In the following days and weeks, I quickly realized that I wasn't the only one worried about the Russians and their satellites, but somehow I never lost the notion that the first Sputnik belonged to me. In some part of my mind, I think I assumed that I was the first private citizen in the U.S. to hear the news. Who else would be up in the middle of the night listening to the radio? (In fact, the launch had occurred some hours before I heard about it, but it was inconceivable to me that anything newsworthy might have taken place during my birthday party.) So even as the decades rolled by, as the word Sputnik first became a part of popular culture and then receded from center stage, I continued to nod quietly to myself every time I heard the name, secure in the belief that, although everyone claimed a knowledge of Sputnik, I had a special, even secret, relationship with it.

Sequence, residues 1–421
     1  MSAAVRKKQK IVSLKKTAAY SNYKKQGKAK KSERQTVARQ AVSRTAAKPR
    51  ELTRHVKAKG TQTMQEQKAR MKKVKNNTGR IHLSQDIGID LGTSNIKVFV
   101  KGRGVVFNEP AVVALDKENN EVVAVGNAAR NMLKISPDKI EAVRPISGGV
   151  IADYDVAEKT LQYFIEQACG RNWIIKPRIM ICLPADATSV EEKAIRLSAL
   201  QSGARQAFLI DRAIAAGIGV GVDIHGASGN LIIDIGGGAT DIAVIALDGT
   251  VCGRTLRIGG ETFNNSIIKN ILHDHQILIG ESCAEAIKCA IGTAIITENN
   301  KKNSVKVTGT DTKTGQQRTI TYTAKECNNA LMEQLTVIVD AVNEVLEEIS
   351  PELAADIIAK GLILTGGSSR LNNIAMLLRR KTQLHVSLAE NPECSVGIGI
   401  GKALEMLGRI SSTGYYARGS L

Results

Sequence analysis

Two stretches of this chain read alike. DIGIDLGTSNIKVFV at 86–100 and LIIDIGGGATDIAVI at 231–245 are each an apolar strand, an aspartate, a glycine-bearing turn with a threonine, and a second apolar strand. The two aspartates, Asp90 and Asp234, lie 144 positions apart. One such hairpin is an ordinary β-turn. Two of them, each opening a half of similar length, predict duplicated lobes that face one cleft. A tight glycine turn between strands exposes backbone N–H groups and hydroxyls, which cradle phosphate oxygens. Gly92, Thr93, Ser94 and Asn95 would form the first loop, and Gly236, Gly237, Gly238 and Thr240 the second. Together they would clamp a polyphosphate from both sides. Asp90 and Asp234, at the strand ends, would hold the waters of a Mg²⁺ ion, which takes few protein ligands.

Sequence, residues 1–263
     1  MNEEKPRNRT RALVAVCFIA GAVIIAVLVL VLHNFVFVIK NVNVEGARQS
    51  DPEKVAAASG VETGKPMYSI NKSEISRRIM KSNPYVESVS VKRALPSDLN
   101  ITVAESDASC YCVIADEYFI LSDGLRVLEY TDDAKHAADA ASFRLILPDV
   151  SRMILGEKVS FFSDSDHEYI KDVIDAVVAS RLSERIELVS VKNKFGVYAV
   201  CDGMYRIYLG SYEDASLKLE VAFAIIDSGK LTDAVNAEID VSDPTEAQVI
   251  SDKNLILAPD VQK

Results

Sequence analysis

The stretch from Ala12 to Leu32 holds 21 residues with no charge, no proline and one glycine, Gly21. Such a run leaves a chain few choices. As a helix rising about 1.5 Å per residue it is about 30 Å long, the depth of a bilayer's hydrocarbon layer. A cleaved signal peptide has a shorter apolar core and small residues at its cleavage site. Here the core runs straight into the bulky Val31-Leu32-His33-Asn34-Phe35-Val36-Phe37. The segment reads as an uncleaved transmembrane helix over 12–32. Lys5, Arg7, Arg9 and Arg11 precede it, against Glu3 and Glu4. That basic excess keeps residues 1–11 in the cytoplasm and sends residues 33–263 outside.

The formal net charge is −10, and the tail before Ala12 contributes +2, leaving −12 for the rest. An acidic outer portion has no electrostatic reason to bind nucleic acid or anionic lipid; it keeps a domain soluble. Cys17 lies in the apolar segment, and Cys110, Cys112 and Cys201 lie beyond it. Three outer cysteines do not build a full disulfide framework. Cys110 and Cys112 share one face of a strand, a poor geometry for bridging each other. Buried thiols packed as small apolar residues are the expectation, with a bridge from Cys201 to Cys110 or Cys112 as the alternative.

About 20 years ago, when I happened to interview Stephen King, I had my first inkling that I might have to share a little bit of Sputnik. It turns out that King was also celebrating his tenth birthday in the fall of 1957 (on September 21, just a few days before the launch) and was also shaken by the idea of the Russians in space--so much so that he contends to this day that Sputnik was a key factor in his becoming a writer of horror fiction. Well, maybe so, but he wasn't born on October 4, and he didn't have a Roy Rogers bedspread.